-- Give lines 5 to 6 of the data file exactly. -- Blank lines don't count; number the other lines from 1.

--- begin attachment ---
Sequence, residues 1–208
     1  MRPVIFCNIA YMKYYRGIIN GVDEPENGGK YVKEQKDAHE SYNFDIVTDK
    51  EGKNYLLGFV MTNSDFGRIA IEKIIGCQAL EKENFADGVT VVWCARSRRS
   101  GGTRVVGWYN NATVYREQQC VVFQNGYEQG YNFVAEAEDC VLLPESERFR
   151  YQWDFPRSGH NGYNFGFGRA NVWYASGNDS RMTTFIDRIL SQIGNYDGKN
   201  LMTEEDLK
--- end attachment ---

   151  YQWDFPRSGH NGYNFGFGRA NVWYASGNDS RMTTFIDRIL SQIGNYDGKN
   201  LMTEEDLK